Anniversary Appreciation: High School Musical

Welcome to The Real World According To Sam! I'm doing something a bit different today. Something I really enjoy doing is watching some of my favorite movies on big milestone marker days. Everyone who knows me knows that I love Disney movies. I love the animated movies, the live action movies, and yes, even the Disney Channel Original movies. 

Before, I used to just watch the movies and leave it at that, but now, I kind of want to share my appreciation with everyone else. Who knows? Maybe you also appreciate these movies or maybe you'll see a movie you forgot about or never saw and want to watch! This is a new feature called...Anniversary Appreciation. I have selected some movies that have some pretty major anniversaries throughout the year. I'll bring up some random facts, maybe include some songs if there were any to note, and the post will conclude with a movie review. Today's movie and the very first Anniversary Appreciation is...

High School Musical

High School Musical Poster

Screenwriter: Peter Barsocchini
Director: Kenny Ortega
Year: 2006
Rating: TV-G
Cast: Zac Efron, Vanessa Hudgens, Corbin Bleu, Ashley Tisdale, Lucas Grabeel

This year, High School Musical turns 15 years old! Today is officially the 15th anniversary of the film's release. Hence why we have this post. First I will list out some fun tidbits I've managed to scrounge up on the internet, then some of the impact the movie has had or what developed as a result, and finally I will review the movie like I've reviewed every other movie on this blog. 

Fun Facts

  • At the end of 2006, the soundtrack for the film was #2 on the Billboard Year End Chart for Albums¹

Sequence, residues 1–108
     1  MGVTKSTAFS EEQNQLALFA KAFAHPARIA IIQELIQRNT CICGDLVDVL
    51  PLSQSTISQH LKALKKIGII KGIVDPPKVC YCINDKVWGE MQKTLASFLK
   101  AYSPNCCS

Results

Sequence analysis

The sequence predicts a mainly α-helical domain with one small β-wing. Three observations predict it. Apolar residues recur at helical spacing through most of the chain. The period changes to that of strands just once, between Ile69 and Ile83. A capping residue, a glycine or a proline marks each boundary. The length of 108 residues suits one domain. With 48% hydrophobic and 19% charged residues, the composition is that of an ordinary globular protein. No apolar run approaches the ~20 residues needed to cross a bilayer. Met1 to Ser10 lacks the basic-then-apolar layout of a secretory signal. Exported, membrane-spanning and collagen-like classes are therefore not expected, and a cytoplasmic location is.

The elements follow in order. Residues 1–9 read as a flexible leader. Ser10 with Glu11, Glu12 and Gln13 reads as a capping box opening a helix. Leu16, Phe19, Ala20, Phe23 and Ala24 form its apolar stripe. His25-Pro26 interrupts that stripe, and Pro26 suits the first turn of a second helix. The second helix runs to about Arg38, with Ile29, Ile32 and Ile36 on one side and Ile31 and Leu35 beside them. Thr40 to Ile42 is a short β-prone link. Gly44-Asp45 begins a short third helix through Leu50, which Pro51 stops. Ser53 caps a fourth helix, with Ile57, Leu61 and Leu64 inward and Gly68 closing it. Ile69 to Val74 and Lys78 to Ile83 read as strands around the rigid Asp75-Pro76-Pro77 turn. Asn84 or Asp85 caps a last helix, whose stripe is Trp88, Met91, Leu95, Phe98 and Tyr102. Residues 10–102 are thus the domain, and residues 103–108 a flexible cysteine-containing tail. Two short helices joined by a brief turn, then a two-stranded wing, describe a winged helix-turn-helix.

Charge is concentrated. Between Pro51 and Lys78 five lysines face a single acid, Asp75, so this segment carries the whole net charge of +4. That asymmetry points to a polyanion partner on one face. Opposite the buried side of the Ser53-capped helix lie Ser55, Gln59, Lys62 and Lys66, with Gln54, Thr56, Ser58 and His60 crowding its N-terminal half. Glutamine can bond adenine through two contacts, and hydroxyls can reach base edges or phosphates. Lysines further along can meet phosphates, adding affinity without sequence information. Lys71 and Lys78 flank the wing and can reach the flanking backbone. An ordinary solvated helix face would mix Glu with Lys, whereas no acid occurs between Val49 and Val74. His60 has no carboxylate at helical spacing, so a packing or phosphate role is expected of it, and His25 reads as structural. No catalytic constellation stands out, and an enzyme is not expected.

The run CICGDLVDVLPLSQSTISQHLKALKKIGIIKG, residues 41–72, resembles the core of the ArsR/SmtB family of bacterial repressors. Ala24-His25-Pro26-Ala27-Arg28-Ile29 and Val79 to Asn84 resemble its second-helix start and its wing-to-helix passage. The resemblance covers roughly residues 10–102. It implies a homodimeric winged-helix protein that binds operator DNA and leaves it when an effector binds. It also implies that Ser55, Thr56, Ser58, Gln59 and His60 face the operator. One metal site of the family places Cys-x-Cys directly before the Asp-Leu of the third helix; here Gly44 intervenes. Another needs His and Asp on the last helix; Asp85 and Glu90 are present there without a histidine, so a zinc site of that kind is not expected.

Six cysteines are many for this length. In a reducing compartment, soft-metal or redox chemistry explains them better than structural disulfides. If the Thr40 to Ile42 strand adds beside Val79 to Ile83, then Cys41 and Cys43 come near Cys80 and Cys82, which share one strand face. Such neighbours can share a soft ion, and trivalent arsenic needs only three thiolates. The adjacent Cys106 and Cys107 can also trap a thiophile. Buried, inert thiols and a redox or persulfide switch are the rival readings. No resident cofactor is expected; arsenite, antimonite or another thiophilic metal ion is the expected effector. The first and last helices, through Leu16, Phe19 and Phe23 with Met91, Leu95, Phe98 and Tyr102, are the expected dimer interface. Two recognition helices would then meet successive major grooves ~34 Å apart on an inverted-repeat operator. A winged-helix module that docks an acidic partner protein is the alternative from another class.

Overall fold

• The soundtrack was the best-selling album of 2006, selling 3.7 million copies.² 
  • Zac Efron did not sing in the first movie. His parts on the recordings were predominantly sung by Drew Seely. Zac Efron fully sang the soundtracks for the two sequels. 
  • High School Musical was the third full length movie that was directed by Kenny Ortega, the first two being Newsies (1992) and Halloweentown (1993). He later went on to direct the HSM sequels and the Disney Channel original movie Descendants (2015) and its sequels, which are all musicals as well. 
  • Kenny Ortega not only directed High School Musical, but also choreographed it and each of its sequels. He additionally choreographed Xanadu (1980) [with Jerry Trent], Dirty Dancing (1987), St. Elmo's Fire (1985), Pretty in Pink (1986), Newsies (1992), Halloweentown (1993), and Descendants (2015).
    [In Pretty in Pink, Kenny Ortega choreographed Ducky Dale's dance scene in the record shop, which Jon Cryer spoke about very briefly in a 2020 interview with Entertainment Weekly: Interview ]
  • High School Musical won numerous awards: 
    • Primetime Emmy for "Outstanding Choreography" (2006)
    • Primetime Emmy for "Outstanding Children's Program" (2006)
    • American Latino Media Arts (ALMA) award for "Outstanding Director - Television Series, Mini-Series, Television Movie" (2007)
    • Casting Society of America award for Best Children's Programming (2006)
    • Directors Guild of America award for Outstanding Directorial Achievement in Children's Programs (2007)
    • Motion Picture Sound Editors award for Best Sound Editing in Music for Television (2007)
    • Teen Choice Award for TV-Choice Breakout Actor: Zac Efron (2006)
    • Teen Choice Award for TV-Choice Comedy/Musical Show (2006)
    • Teen Choice Award for TV-Choice Chemistry: Zac Efron & Vanessa Hudgens (2006)
    • Television Critics Assocation Award for Outstanding Achievement in Children's Programming (2006)